Public Works Minister Thulas Nxesi on Thursday said efforts to reclaim the state have run into counter-offensives by “State Capture forces” determined to keep open their access to state funds. This comes as Public Works is recovering R1.2-billion worth of graft, including R296,913,000 for non-existing parking bays. Also under scrutiny now are 684 questionable appointments made over just four months at the state’s property manager, which is responsible for 92,000 buildings. The battle at Public Works illustrates that rooting out corruption and patronage is a long game.
At a media briefing on fraud and corruption in the department in Pretoria, together with the Special Investigation Unit (SIU), Public Works Minister Thulas Nxesi on Thursday said “syndicates of officials are working with syndicates in the private sector” to continue to bleed the state’s resources even amid a changed political environment “committed to stamping out corruption, and turning the tide of state capture which brought this country to the brink of disaster”.
That wasn’t going to happen overnight, said, Nxesi “and not without a massive struggle against the state capture forces which are still entrenched and desperately striving to keep open access to state coffers”.
Those comments echo cautions by Public Enterprises Minister Pravin Gordhan, who on Thursday told a Federation of Unions of South Africa meeting of the push-back – with “some very creative things” – against those cracking down on corruption and cleaning up at State-owned Entities, according to his address televised by eNCA.
And so at least at those two ministries there is clarity there is no space to relax in this new dawn of the President Cyril Ramaphosa administration.
That’s why Nxesi asked Ramaphosa to extend the Special Investigating Unit (SIU) probes at Public Works to include its R1.5-billion emergency maintenance programme. It had emerged that the emergency maintenance budget frequently paid the same supplier for the same item often on the same day, or that one item was repaired repeatedly over just a few days.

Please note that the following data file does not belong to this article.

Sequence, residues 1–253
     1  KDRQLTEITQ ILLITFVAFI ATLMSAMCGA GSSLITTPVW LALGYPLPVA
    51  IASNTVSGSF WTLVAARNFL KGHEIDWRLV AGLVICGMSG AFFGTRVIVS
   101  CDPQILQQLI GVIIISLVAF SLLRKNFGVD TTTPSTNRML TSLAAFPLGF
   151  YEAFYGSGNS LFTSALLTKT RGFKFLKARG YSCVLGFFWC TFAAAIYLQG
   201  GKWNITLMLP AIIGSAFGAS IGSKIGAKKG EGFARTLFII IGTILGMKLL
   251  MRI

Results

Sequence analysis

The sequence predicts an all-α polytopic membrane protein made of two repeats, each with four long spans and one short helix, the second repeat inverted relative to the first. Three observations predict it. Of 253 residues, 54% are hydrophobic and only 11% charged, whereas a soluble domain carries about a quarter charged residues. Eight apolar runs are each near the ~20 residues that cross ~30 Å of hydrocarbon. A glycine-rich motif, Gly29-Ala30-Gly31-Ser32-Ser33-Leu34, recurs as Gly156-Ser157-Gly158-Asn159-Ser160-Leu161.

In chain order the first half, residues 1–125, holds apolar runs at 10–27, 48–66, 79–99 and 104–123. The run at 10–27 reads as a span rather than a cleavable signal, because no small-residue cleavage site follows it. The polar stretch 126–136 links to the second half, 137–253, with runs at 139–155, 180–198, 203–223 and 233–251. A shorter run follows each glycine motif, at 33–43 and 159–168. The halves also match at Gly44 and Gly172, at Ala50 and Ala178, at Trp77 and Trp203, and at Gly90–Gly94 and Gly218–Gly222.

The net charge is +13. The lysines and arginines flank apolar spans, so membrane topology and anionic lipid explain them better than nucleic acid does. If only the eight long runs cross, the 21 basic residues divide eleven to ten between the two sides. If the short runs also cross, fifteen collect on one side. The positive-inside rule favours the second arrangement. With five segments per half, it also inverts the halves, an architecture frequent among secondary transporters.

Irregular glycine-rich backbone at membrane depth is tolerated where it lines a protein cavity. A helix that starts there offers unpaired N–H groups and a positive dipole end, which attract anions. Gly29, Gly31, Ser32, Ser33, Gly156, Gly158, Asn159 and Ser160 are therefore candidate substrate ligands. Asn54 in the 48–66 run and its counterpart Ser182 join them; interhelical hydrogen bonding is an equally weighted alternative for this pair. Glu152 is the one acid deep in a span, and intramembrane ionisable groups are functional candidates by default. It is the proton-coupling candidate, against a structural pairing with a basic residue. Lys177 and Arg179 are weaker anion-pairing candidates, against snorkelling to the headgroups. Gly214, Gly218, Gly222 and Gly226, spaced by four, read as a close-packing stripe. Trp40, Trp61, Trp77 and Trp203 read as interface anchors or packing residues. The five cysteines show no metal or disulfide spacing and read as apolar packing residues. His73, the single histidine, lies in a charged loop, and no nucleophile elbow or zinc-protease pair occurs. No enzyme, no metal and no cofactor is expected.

Across Public Works’ 11 regions, the trend is for one or two suppliers to dominate up to 80% of business and, according to Public Works Acting Director-General Imtiaz Fazel, there is “collusion between our staff members and suppliers”. The new extended SIU proclamation came into effect last Friday.
Previously, SIU scrutiny of 16,000 suspicious transactions over three years to May 2016 uncovered mis-stated invoices totalling around R2-billion of graft. These probes have led to a series of civil proceedings to recoup R1.2-billion from landlords, contractors and suppliers, that Fazel said would reflect on the departmental financial statements.
SIU boss Advocate Andy Mothibi on Thursday said there were nine cases under way to recoup R807-million, while landlords had signed acknowledgement of debt for various cases of overcharging the department to the tune of R591,000. In addition, the SIU has referred 81 cases of overcharging for space, municipal rates, Value Added Tax (VAT) or parking bays, valued at R265-million, to the department for further action as the private sector companies involved were contesting findings.
This emerged from just over 1,000 leases the SIU scrutinised, but Mothibi announced that further financial recoveries amounting to R5-million arise from action over irregularities for prestige projects. These include ministerial homes in Pretoria and Cape Town, various other high-profile buildings, including the ministerial offices at Parliament, 120 Plein Street, where summonses have been served for overcharging on maintenance work.
The SIU also identified 2,469 Public Works officials at various levels of seniority with conflicts of interest, effectively running private businesses, and some doing business with the department or elsewhere within the state, even though though that has been banned by public service regulations since January 2017.
And it is this aspect of the SIU probe that shows how entrenched State Capture is among officialdom. Ahead of her budget speech earlier this year, Public Service and Administration Minister Ayanda Dlodlo said there were civil servants who refused promotion to senior management, where financial interest must be disclosed, in order to continue making money off government. Serious questions over the rigour of civil servants’ disclosures were raised by the Public Service Commission, whose analysis recently showed half the senior civil servant managers who must disclose their financial interests instead hid their directorships and failed to obtain permission for paid work outside their day jobs.